Fortran: Install

To download and install GNU Fortran into Windows, download into your c:\ directory the four files .

Get a command prompt and go to the root directory on your c drive by entering

cd c:\

Change the name of to unzip.exe by entering

ren unzip.exe

Next unzip the three zipped files by entering in succession


The three files will unzip into a g77 directory, divided into three subdirectories named g77\bin, g77\lib, and g77\doc.

Fortran is run from the g77\bin directory. It is simplest to save all your Fortran programs to this same directory. To get into this directory from a DOS prompt, enter

									cd c:\g77\bin

Then, to compile for example the file hello.f, enter

g77 hello.f
Fortran creates a compiled file that it names a.exe. To run this file from the g77\bin directory just enter


If you want to give the compiled file a name of your own choosing, say such as hello.exe, then compile it with the command

g77 hello.f -o hello.exe

(Any name you give a compiled file must end with the extension .exe.)

On your home computer probably the easiest editor for creating Fortran source files is the DOS editor. Open a DOS window, go to the g77\bin directory (as above), and enter "edit". The DOS editor will open and you can type your source file. When you save the file, just name it whatever.f and it will automatically be saved to the g77\bin directory (by default, since that is the directory from which you opened the DOS editor). You do not have to enclose the name in quotes, as you do in saving with Notepad.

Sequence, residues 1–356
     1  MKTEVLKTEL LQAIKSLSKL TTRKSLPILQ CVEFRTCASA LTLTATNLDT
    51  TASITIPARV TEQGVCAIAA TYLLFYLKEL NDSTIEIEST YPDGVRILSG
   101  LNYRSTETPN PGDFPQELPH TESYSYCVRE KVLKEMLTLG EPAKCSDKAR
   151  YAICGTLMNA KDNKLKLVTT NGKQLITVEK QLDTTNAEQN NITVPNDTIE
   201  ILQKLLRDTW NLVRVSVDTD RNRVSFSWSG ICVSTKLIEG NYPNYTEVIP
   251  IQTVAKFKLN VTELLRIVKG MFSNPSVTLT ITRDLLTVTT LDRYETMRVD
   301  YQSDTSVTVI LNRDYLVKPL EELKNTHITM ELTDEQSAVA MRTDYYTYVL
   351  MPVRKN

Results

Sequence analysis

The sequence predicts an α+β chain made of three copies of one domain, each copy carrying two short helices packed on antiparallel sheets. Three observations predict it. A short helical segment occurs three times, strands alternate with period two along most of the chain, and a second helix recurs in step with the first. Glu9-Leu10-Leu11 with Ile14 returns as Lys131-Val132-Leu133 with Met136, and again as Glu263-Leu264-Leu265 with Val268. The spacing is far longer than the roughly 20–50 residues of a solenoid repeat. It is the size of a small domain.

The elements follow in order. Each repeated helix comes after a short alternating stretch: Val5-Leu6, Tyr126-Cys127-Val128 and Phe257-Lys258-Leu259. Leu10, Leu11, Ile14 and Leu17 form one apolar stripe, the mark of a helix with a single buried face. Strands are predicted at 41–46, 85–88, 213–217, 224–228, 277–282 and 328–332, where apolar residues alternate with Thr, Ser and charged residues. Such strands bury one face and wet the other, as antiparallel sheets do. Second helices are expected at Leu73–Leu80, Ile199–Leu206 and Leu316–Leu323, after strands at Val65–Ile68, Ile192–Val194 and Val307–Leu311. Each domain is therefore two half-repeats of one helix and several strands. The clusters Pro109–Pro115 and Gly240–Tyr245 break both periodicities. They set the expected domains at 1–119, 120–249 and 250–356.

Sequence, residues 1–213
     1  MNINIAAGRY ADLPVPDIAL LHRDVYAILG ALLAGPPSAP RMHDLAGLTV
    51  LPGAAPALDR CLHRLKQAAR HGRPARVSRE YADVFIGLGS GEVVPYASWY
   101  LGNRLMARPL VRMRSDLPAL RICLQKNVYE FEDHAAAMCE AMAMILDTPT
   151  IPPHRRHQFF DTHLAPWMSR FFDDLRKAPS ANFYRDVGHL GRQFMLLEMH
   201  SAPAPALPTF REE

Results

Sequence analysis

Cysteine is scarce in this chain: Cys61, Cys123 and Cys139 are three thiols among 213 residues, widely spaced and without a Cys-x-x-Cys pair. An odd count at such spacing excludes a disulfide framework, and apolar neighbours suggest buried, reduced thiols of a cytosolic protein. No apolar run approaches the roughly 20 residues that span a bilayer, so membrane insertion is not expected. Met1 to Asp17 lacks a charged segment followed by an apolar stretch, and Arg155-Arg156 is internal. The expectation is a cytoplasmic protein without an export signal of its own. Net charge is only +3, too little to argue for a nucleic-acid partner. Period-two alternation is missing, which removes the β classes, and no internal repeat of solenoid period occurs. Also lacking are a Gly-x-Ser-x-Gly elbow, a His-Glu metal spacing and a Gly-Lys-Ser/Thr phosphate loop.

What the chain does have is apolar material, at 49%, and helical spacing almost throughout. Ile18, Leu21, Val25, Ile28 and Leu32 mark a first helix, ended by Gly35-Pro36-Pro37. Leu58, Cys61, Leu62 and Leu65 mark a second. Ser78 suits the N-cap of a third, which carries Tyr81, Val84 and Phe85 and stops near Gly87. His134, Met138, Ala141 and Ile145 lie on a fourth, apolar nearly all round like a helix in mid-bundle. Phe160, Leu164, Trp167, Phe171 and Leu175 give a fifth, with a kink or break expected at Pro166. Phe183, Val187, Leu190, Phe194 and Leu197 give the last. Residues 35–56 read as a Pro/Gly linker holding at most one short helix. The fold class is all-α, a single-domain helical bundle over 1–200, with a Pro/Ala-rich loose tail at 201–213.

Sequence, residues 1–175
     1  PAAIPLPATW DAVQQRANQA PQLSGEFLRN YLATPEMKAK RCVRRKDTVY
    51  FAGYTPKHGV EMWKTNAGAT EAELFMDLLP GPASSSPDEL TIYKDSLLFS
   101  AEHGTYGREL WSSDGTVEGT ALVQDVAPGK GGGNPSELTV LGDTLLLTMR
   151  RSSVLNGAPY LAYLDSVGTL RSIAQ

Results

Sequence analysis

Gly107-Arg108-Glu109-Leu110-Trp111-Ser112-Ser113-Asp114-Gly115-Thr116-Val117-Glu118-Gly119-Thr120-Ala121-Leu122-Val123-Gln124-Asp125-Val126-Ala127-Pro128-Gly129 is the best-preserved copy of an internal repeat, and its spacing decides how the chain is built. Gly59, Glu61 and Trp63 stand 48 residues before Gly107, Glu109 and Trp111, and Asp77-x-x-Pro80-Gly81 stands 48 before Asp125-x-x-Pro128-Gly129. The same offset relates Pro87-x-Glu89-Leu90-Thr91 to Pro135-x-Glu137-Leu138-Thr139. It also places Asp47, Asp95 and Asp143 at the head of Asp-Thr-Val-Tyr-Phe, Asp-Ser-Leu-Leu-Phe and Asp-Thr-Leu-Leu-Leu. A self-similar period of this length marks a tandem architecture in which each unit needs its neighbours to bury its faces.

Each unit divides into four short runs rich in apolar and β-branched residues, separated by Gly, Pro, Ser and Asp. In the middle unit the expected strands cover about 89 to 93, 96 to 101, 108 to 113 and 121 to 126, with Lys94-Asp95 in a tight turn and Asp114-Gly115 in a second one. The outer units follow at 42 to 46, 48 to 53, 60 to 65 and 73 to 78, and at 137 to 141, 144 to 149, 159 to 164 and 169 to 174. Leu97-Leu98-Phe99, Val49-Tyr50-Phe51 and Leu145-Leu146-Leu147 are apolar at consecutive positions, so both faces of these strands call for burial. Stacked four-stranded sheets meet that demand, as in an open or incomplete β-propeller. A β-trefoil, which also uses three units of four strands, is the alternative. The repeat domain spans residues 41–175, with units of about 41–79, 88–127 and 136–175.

Perhaps the most efficient way of writing and testing a Fortran program on your home computer is to open two DOS windows, one for editing your source file with the DOS editor, and the second for compiling and running your program. In each window you will be working from the g77\bin directory, and you can jump from one window to the other with the click of your mouse.

Remark: This distribution of Fortran was obtained from the now defunct website but the instructions should work (last checked on January 7, 2012).